Wednesday, March 12, 2014

Update #4: GDC Prototype

Hey guys! As I kinda mentioned last time, I'm going to GDC next week! It's my first time attending, and I'm super excited about all of the cool people I will hopefully meet there. I've been very hard at work trying to get Quest For Funk ready for the conference, and I'm happy to say that I will indeed have a playable prototype with me. I'll be wandering around the expo hall all week, so if you're attending, make sure to come say hello and give the game a try!

Quite a bit has been done since the last update. The bulk of the time has been spent laying the groundwork for Stage 1 levels (the Twinstick Shooter portion of the game). As you may recall, Quest For Funk has 2 stages in each level: a Twinstick Shooter where you get points for every enemy you destroy, and a 2D Platformer where you must find all of the hidden NPCs before time runs out. The length of the timer in Stage 2 is determined by your score in Stage 1, so it's a continuing process. Everything I've shown off so far has been from Stage 2, so it's time I posted some Stage 1 images.

Now this doesn't have any of the actual artwork in yet, because I've mostly been focusing on functionality. Twinstick control setups in Unity aren't as widely documented as a lot of other features (especially involving touch screens, but more on that later). So getting this part up and running was fairly time consuming, but it's pretty solid at this point. You move your character with the left stick (or WASD) and aim with the right stick (or the mouse). Firing happens automatically when the right stick is in a non-neutral position (or when the left mouse button is clicked). Right now you just shoot falling objects, but eventually you will face AI that shoots back and moves in more complex patterns. My goal for this prototype was simply to get the controls working correctly, and I'm happy to say that they are fully functional (with 3 different input methods, in fact!).


Another big chunk of my time has been dedicated to implementing touch screen controls. This has been a very challenging task, but thanks to the amazing YouTuber Devin Curry, I've managed to get things working fairly decently. I created an omni-directional touchscreen joystick that behaves similarly to a physical one. Some actions are still a bit buggy using touchscreen commands however, so I plan to have a PS3 controller on-hand at GDC to ensure players can try the game with optimal controls.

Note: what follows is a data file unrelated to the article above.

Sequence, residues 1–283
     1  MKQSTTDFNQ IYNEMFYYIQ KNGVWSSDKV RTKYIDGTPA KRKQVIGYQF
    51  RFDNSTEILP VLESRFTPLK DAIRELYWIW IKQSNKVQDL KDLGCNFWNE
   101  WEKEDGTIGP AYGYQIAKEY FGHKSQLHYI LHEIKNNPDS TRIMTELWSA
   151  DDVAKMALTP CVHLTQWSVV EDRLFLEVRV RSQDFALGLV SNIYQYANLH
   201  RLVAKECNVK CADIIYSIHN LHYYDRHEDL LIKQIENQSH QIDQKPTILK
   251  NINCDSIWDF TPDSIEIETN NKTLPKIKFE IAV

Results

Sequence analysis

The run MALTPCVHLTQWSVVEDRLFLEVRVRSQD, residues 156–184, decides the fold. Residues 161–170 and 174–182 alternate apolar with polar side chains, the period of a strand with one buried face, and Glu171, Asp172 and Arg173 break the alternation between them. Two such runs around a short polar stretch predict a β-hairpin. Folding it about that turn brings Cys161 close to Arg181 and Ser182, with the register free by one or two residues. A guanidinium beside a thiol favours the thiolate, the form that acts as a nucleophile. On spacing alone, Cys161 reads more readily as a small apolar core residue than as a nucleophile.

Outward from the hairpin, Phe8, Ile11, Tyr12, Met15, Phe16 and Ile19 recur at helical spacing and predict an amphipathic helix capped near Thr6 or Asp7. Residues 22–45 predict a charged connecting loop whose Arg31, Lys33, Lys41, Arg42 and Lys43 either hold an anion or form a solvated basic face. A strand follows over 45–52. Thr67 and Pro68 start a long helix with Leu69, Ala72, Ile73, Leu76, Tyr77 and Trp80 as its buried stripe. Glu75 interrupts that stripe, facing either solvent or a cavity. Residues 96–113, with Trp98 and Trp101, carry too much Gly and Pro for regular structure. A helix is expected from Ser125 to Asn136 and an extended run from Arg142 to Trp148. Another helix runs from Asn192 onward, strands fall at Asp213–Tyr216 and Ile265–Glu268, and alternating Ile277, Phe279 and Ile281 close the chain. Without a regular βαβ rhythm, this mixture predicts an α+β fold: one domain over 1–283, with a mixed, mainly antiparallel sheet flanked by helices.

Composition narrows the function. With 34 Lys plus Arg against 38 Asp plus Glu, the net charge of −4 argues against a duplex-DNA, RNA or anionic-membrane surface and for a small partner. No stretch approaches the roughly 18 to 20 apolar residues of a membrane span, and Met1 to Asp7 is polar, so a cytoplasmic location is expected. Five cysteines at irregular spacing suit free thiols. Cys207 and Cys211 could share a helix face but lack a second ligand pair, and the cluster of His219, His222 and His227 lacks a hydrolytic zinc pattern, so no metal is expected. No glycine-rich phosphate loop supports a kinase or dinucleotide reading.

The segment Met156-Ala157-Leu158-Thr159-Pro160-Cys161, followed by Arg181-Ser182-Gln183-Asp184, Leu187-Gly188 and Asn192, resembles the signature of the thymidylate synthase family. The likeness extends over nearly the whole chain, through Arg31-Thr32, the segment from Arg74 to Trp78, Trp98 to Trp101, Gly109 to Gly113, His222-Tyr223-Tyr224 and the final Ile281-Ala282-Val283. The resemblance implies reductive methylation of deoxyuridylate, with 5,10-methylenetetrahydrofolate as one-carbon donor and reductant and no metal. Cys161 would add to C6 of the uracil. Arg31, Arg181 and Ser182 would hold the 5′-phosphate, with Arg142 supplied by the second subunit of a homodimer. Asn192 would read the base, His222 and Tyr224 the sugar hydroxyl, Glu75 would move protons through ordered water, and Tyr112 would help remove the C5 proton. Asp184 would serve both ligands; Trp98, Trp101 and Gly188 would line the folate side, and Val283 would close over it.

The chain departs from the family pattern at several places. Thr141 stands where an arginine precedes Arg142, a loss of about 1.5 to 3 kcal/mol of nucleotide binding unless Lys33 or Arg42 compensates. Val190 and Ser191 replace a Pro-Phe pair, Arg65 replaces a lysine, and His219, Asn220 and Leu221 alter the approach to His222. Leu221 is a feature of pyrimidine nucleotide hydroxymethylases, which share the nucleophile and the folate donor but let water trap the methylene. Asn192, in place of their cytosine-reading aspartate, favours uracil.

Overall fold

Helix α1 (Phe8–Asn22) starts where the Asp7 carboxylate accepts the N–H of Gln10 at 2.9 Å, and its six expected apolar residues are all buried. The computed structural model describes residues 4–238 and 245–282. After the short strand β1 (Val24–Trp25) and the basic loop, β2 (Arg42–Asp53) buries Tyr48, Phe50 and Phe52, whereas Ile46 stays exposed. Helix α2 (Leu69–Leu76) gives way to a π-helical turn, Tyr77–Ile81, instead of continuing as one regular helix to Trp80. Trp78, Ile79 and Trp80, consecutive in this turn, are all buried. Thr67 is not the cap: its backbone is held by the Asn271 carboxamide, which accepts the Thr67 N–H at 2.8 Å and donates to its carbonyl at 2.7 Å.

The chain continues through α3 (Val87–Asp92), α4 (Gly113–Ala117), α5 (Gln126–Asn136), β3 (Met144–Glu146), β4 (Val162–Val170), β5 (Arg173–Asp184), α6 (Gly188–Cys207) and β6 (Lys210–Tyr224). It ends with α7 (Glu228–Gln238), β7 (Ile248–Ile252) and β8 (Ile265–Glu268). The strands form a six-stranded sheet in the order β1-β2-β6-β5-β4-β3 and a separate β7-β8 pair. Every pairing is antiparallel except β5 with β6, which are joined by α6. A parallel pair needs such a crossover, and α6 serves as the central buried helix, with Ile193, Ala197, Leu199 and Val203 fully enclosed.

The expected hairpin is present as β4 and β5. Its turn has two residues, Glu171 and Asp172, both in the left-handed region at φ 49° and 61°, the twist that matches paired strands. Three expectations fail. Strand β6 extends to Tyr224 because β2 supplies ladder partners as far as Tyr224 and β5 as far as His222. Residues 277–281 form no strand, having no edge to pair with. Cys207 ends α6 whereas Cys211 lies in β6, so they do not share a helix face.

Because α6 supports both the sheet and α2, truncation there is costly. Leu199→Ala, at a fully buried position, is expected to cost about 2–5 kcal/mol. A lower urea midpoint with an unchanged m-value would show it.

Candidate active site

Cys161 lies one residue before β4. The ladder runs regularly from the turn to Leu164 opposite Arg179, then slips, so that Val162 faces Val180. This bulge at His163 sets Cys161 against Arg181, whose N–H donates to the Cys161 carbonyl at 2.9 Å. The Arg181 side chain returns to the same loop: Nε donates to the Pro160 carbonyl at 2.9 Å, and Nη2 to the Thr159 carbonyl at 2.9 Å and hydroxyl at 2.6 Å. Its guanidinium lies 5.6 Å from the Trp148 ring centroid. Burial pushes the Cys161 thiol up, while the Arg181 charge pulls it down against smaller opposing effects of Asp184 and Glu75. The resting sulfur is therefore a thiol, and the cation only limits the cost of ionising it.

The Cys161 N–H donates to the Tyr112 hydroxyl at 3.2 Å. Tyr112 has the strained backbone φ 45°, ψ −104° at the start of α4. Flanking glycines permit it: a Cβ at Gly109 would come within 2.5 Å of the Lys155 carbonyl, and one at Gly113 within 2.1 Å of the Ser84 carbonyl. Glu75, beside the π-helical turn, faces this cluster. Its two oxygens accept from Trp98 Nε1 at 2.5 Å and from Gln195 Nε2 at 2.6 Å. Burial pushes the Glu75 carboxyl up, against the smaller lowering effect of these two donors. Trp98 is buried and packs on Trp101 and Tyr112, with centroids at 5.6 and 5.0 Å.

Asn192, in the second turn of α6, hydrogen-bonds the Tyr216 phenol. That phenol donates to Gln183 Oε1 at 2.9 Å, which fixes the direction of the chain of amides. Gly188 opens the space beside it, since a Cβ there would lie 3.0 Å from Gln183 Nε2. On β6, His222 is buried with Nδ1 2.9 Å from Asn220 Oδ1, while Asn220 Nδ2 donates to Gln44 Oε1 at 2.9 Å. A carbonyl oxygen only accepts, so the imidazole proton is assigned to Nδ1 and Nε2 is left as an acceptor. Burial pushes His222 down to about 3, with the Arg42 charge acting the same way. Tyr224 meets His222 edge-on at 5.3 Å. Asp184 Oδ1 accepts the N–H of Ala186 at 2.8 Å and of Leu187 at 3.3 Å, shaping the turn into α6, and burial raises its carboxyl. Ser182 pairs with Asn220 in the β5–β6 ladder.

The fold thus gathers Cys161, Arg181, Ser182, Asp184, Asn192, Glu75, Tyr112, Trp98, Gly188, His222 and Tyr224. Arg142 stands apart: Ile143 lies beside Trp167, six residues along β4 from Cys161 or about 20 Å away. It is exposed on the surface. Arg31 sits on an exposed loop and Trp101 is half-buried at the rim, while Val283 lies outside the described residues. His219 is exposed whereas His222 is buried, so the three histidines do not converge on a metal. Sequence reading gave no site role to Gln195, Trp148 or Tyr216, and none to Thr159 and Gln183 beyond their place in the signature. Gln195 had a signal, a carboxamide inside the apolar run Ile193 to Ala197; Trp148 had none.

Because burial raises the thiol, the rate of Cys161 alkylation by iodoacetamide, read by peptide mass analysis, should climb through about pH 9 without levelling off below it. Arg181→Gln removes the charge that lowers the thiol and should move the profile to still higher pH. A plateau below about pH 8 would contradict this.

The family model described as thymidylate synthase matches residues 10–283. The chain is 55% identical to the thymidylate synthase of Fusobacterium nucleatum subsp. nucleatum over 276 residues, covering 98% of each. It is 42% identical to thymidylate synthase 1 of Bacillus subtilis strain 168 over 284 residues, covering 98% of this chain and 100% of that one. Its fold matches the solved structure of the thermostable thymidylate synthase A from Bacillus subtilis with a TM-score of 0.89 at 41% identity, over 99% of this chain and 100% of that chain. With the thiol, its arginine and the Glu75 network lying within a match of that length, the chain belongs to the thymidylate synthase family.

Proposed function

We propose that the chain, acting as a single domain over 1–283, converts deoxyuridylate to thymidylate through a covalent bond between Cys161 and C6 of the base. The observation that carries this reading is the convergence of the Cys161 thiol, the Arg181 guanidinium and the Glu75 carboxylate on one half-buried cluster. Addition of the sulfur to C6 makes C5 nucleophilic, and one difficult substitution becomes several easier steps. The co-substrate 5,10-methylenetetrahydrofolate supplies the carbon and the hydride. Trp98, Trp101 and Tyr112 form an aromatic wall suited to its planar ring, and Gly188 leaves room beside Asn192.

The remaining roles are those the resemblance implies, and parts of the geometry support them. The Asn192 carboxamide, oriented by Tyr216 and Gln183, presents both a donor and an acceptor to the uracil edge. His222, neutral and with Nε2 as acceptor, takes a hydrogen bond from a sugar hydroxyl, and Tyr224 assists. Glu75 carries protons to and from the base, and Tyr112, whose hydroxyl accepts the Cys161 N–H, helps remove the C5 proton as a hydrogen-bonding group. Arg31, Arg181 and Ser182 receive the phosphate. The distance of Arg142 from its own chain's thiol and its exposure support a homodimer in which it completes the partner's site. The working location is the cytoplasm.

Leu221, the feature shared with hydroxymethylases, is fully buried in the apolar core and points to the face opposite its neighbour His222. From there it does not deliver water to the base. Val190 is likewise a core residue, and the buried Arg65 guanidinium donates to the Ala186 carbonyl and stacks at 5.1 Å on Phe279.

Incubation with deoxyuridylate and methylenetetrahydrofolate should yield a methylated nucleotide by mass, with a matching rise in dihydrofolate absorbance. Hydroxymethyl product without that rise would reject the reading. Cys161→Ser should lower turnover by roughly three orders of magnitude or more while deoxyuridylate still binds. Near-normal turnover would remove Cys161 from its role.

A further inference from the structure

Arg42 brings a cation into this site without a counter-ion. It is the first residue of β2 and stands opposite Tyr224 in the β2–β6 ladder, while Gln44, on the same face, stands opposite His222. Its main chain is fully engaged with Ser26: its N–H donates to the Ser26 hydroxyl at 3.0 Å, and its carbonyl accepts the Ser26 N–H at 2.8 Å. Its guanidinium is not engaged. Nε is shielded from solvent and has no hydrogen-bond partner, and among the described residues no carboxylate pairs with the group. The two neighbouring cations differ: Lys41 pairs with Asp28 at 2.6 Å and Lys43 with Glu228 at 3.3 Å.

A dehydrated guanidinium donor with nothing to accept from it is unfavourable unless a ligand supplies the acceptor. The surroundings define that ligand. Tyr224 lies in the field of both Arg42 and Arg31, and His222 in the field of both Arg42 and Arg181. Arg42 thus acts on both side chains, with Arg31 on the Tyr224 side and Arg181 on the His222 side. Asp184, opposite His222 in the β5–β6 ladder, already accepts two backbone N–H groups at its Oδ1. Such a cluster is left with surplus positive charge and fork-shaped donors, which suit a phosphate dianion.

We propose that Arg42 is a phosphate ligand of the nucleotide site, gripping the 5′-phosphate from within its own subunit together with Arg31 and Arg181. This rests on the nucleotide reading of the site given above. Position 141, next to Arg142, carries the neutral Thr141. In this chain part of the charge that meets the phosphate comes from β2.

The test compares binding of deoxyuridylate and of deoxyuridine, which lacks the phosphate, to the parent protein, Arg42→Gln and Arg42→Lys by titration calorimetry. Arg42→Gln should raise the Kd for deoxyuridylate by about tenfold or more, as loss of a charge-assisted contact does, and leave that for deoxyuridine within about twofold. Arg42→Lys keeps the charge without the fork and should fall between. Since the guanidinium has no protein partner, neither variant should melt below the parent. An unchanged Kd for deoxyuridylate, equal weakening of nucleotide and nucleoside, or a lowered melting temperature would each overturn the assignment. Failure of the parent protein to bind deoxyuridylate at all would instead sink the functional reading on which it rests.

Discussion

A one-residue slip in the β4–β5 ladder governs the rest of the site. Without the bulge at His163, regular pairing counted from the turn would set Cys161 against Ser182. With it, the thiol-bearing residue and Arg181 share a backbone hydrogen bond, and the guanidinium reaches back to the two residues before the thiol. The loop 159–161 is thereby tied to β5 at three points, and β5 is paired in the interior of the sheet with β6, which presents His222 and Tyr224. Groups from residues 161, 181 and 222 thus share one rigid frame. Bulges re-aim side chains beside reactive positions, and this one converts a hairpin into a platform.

Aside from those two major tasks, the rest of my time has been spent adding polish and replacing anything that was still whiteboxed. There are now pipes all over the sewers so that every area is accessible. And the game now has fully functioning ladders!

There are also crates to climb on! Because what kind of game would be complete without the good ol' wooden box?

I've added in a few secret areas as well that give the player a reason to go off the beaten path. I'm a huge fan of hidden rooms and secret powerups, so I plan to include a lot of things like that in Quest For Funk. Now that the base of the prototype is solidifying, I should have some time to start adding in the fun stuff!

Speaking of fun stuff, here's a bouncy collectible! These music notes serve a similar purpose to bananas in DKC or rings in Sonic. The more you collect, the higher your score is, but it's completely optional. I think it really adds something to the game when the player has an extra challenge to work towards. And since levels are timed in Quest For Funk, collecting all of the notes before time runs out could prove fairly difficult!

And that's all I've got for ya this time! There are still a handful of items on my "To Do Before GDC" checklist, but I'm very happy with the state that the game is in right now. If you're going to the conference, get in touch. I'd love to meet you there! For everyone else, stay tuned. Some time in the near future I plan on releasing a playable prototype online. Until next time... Adios!

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